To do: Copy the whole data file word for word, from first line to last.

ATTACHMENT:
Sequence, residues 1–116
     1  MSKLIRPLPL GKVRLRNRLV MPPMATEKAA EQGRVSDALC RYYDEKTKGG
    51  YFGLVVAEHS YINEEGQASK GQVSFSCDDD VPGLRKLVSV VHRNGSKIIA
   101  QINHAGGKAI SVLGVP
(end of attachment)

Sequence, residues 1–116
     1  MSKLIRPLPL GKVRLRNRLV MPPMATEKAA EQGRVSDALC RYYDEKTKGG
    51  YFGLVVAEHS YINEEGQASK GQVSFSCDDD VPGLRKLVSV VHRNGSKIIA
   101  QINHAGGKAI SVLGVP